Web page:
The Chester Mystery Cycle: Essays and Documents

By R. M. Lumiansky; David Mills | Go to book overview
Save to active project



T H E CHAPTER THAT F O L L O W S is in two sections. The first is essentially a review of the various "immediate sources and influences" that have been proposed by earlier critics for the Chester cycle, with some small additions and comments. The second deals with the wider issue of the evocation of authorities within the cycle.

Immediate Sources and Influences

We agree with the assumption that the understanding of the composition and the meaning of a text is significantly extended by comparing it with a work on which the author drew directly while writing the text. The immediate source may well provide valuable external evidence concerning the author of a text and its date of composition. We resist, however, any automatic assumption in connection with the Chester cycle that a series of immediate sources would necessarily correspond to a series of independent revisions and hence mark out different chronological "strata" in the development of the text.

In considering the sources of the Chester cycle we are conscious that much of the material was familiar, being biblical, liturgical, or legendary, and that it had been transmitted in a variety of forms over a prolonged


Notes for this page

Add a new note
If you are trying to select text to create highlights or citations, remember that you must now click or tap on the first word, and then click or tap on the last word.
Loading One moment ...
Project items
Cite this page

Cited page

Citations are available only to our active members.
Sign up now to cite pages or passages in MLA, APA and Chicago citation styles.

Cited page

Bookmark this page
The Chester Mystery Cycle: Essays and Documents


Text size Smaller Larger
Search within

Search within this book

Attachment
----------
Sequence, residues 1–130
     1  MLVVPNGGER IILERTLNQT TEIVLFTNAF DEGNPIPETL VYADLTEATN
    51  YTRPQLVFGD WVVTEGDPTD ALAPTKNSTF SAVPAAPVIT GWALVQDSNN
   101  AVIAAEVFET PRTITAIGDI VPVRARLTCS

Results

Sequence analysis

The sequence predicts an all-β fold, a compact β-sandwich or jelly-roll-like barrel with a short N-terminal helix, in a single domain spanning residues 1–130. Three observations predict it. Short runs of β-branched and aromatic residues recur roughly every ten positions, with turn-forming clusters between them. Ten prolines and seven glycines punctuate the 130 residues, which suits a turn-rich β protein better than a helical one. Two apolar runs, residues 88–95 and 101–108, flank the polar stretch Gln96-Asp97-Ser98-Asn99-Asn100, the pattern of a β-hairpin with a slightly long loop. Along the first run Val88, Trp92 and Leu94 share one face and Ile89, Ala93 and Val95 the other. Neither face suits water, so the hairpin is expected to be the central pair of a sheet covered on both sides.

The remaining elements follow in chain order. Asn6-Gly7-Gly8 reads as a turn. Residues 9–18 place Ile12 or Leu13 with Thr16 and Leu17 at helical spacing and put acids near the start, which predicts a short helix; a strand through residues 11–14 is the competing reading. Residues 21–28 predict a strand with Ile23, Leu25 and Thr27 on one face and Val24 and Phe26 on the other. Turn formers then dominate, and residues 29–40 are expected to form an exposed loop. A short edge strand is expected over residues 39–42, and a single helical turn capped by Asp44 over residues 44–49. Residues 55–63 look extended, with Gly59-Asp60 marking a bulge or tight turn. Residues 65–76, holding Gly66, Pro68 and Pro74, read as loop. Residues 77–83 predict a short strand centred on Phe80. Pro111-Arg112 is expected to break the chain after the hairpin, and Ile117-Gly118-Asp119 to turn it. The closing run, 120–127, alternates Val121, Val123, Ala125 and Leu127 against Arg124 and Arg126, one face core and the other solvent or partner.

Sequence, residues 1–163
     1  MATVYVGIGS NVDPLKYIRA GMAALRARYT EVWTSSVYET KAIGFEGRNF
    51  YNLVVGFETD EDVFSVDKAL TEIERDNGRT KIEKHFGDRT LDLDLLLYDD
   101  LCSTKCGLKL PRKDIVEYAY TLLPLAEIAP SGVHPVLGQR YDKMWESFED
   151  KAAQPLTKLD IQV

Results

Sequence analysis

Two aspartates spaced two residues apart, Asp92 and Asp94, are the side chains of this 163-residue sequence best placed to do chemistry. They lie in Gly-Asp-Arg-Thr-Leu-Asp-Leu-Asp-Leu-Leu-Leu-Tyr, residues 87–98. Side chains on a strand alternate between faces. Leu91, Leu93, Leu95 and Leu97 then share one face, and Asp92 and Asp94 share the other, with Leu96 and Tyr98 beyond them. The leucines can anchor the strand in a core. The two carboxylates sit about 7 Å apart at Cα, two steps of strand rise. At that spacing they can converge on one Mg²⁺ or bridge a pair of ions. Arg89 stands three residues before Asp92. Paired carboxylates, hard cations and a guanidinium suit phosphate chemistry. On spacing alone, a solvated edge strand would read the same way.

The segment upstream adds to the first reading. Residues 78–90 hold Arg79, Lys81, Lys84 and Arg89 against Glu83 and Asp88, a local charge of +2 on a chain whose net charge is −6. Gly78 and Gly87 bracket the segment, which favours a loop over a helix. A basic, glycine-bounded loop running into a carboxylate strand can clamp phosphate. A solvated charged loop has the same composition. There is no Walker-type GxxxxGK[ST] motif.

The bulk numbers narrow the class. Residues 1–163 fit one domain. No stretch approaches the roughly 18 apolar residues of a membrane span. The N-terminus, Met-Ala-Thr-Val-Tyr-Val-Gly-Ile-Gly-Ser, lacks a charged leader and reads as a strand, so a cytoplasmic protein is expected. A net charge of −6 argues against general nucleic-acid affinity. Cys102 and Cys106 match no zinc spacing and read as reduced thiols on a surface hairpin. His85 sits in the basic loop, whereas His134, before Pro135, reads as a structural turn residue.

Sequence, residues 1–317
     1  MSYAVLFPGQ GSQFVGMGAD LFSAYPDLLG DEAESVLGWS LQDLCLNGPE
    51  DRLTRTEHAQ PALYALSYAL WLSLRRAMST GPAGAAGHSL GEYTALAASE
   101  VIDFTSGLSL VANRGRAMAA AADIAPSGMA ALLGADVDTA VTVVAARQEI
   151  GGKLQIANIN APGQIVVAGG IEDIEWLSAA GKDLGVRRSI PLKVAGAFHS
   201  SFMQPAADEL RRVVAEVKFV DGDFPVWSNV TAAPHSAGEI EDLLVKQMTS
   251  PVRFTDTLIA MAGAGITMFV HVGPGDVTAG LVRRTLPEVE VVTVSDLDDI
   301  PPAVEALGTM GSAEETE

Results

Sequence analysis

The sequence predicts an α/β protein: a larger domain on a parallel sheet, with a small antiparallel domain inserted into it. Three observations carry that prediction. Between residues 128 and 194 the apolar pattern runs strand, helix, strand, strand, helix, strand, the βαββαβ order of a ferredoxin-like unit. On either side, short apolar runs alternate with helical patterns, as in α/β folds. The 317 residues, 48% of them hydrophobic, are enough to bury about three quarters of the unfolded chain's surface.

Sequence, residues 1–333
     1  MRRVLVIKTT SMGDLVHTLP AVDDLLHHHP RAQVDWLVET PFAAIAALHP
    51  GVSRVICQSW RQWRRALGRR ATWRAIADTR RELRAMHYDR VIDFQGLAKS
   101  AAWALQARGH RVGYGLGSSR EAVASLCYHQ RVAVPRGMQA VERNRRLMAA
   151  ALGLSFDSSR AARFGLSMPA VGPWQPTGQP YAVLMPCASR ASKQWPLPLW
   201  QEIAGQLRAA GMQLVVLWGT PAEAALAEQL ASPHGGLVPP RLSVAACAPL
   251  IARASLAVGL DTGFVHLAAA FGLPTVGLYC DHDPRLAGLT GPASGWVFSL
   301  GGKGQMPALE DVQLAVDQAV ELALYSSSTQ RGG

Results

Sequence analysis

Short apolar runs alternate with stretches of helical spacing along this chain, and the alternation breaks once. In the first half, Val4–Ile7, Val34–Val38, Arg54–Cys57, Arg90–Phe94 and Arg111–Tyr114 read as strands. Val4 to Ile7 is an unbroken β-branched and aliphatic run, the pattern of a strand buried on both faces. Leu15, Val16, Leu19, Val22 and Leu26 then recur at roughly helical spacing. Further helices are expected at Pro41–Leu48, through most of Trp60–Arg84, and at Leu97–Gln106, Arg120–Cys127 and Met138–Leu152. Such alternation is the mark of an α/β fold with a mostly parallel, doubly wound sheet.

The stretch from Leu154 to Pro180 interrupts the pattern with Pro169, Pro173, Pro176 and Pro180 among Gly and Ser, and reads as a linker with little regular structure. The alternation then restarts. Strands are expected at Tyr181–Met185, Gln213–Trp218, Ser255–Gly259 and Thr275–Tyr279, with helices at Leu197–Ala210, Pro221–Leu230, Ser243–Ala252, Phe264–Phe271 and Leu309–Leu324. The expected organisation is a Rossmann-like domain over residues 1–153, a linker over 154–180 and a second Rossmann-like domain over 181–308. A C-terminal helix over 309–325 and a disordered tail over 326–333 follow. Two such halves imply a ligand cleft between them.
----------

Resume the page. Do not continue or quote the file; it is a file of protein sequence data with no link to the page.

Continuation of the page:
Look up

Look up a word

  • Dictionary
  • Thesaurus
Please submit a word or phrase above.
Print this page

Print this page

Why can't I print more than one page at a time?

While we understand printed pages are helpful to our users, this limitation is necessary to help protect our publishers' copyrighted material and prevent its unlawful distribution. We are sorry for any inconvenience.
Full screen
/ 339

matching results for page

Cited passage

Citations are available only to our active members.
Sign up now to cite pages or passages in MLA, APA and Chicago citation styles.

Cited passage

Welcome to the new Questia Reader

The Questia Reader has been updated to provide you with an even better online reading experience.  It is now 100% Responsive, which means you can read our books and articles on any sized device you wish.  All of your favorite tools like notes, highlights, and citations are still here, but the way you select text has been updated to be easier to use, especially on touchscreen devices.  Here's how:

1. Click or tap the first word you want to select.
2. Click or tap the last word you want to select.

OK, got it!

Thanks for trying Questia!

Please continue trying out our research tools, but please note, full functionality is available only to our active members.

Your work will be lost once you leave this Web page.

For full access in an ad-free environment, sign up now for a FREE, 1-day trial.

Already a member? Log in now.

Are you sure you want to delete this highlight?